Thomas Kivisto Shares Eight Reasons Why Oil and Gas is a High-Risk Industry

The Worldwide Importance of Oil and Gas

There has been a great deal of talk about renewable energy like solar and wind power, but the fact remains that most of the world’s energy still comes from fossil fuels. If the oil and gas industry were to shut down tomorrow, cars and trucks would stop running, and the lights would go out. The oil and gas industry is one of today’s global economic pillars.

Risk Factors in Oil and Gas

The sheer size of the global oil and gas industry makes it seem invincible, but in fact, many major risk factors could affect its success. Here are eight of the top risk factors that have a major effect on the industry’s prices and profitability in today’s market:

1. Volatile Prices

Volatile oil and gas prices are often caused by the low responsiveness of supply and demand to the changes in short-term prices in the market. The capacity of production equipment is more or less unchangeable, and sometimes demand outpaces supply. In the case of the early months of the Covid pandemic, worldwide oil prices plummeted due to decreased demand and the reduction in mobility of the world’s population. Thomas Kivisto encourages investors to keep a close eye on prices in the global industry.

2. Regulatory Issues

Regulatory issues cause volatility as well. In the United States, in particular, there is no centralized national oil and gas company. Instead, many private corporations are regulated on federal and state levels. Businesses that want to drill for oil and gas must get permits, and the permitting process can be difficult and involve public opposition.

3. Exploration

As the oil and gas industry matures, it has become more difficult to explore new regions for deposits of these materials. Drilling has moved farther and farther offshore, meaning that there is a higher expense for exploration and retrieval of oil. In addition, drilling has been forbidden by the Biden administration in certain natural areas in the United States, with potentially more restrictions to come.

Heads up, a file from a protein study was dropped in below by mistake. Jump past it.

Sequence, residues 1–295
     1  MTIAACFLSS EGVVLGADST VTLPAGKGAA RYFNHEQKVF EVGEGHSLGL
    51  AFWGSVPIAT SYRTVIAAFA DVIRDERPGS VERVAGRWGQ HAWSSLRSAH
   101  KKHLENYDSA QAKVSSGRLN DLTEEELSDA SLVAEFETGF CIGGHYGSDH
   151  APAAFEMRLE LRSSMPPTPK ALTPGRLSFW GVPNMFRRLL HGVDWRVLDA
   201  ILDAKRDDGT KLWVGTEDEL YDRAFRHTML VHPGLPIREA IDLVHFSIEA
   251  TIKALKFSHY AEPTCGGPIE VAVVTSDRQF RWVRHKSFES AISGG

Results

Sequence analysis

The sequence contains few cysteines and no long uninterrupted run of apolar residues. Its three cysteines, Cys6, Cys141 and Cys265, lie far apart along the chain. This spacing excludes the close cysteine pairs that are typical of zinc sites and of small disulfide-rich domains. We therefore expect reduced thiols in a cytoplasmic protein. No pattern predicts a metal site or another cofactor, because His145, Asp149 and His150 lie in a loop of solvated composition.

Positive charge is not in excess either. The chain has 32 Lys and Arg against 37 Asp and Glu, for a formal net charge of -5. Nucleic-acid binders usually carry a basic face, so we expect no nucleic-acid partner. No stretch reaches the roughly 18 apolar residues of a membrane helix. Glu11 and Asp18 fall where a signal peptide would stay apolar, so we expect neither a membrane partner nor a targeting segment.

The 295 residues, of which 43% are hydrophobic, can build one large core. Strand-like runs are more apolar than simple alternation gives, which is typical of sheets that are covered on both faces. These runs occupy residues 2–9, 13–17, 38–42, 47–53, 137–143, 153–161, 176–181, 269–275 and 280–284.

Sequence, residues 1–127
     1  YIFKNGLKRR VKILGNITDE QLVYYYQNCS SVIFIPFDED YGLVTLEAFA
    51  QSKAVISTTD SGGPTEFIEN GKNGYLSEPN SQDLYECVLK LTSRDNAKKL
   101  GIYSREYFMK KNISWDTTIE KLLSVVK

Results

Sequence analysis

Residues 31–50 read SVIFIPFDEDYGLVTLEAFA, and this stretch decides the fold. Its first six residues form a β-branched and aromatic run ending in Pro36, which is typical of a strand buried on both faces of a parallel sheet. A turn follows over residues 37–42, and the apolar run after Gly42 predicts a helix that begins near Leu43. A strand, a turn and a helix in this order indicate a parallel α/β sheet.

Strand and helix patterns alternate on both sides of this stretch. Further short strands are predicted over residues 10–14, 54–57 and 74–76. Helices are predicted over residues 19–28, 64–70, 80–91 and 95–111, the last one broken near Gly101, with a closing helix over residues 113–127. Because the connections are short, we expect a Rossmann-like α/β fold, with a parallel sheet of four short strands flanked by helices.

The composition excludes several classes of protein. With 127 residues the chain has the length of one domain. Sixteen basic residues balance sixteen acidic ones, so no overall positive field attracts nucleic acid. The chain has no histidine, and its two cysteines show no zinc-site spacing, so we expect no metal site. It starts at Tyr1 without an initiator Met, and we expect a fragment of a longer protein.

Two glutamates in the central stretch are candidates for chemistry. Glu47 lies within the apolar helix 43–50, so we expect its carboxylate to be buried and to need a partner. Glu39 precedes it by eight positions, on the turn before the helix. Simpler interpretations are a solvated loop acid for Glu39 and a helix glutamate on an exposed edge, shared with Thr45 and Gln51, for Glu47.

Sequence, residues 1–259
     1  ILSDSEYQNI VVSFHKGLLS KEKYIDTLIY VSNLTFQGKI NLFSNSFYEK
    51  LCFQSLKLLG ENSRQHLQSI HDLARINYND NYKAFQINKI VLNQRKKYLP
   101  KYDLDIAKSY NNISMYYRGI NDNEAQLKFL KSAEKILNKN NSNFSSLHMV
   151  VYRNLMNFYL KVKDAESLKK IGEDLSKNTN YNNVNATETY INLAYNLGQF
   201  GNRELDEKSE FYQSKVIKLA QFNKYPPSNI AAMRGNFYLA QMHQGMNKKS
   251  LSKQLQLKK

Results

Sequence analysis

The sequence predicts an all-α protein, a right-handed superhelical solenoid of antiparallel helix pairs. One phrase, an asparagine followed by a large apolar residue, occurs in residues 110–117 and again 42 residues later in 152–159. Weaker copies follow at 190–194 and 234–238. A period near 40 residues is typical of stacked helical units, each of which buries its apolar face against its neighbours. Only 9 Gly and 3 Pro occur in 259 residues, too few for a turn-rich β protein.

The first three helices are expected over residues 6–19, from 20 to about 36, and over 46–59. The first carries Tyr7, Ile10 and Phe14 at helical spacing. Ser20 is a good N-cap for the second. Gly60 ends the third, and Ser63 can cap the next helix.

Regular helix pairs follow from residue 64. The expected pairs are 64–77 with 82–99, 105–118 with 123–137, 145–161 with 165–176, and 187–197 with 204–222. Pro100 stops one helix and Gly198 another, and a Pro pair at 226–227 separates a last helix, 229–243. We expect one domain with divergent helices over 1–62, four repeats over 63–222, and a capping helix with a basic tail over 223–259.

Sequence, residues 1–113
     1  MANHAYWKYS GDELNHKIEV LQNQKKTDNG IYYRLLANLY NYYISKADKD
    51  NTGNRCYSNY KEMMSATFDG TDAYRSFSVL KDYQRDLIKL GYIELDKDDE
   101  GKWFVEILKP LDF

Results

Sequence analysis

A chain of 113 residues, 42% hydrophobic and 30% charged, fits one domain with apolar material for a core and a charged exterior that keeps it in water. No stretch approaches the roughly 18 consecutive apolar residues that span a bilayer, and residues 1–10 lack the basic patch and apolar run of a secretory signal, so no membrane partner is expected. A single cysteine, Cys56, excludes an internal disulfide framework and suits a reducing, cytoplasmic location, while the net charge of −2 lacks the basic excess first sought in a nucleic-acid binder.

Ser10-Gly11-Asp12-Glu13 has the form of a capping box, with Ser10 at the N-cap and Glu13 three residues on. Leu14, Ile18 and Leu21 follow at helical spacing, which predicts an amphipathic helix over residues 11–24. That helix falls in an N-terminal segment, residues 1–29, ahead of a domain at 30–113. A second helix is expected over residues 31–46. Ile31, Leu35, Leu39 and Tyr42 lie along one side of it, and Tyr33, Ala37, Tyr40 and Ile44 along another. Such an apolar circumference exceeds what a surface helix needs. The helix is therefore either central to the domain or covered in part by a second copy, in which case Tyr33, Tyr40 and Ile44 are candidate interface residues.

4. Natural Disasters

Natural disasters such as hurricanes and the 2021 Texas cold snap restrict the oil and gas supply, increasing prices. This could have a beneficial effect on oil and gas profits in the short term, but in the long term, these profits must be used to repair damaged equipment and return to full production capabilities.

5. Operational Hazards

Oil and gas is a risky business. Workers are exposed to many hazards on the job, both in the retrieval and refining of oil and gas. Sadly, dangerous accidents in drilling and refining are more common than they should be. Oil and gas companies must compensate their workers for these accidents while covering the increased costs associated with them.

6. Competition

Competition is a major factor in the profitability of oil and gas. Even when times are good for the oil and gas industry, various companies may have price wars. The oil and gas prices are generally set by the countries that provide the products, particularly the Middle Eastern nations in OPEC. Still, there is room for competition at the national level.

7. Decrease in Demand

Thanks to renewable energy sources, there has already been a dip in demand for fossil fuels like oil and gas. As more car companies commit to all-electric fleets by the mid-2030s, there are significant challenges that the oil and gas industry must face. Oil and gas industries need to find a way to remain relevant during a period of major industrial and social change.

8. Shortages in Personnel

There is a shortage of trained workers in the oil and gas industry, even though oil and gas pay very well compared to other industries. Some workers are unwilling to relocate to remote areas to participate in pipeline construction and exploration. The Covid pandemic has caused even more restrictions to the number of staff available.

Investing in Oil and Gas

Oil and gas investments are volatile for these reasons, among many others. Understanding how the market works can go a long way toward educating investors and other business owners on incorporating oil and gas investments into their financial pictures.

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Thomas Kivisto

Thomas Kivisto

Thomas Kivisto serves on two board and manages 6 different entities in the Energy industry. Located in San Clemente, California.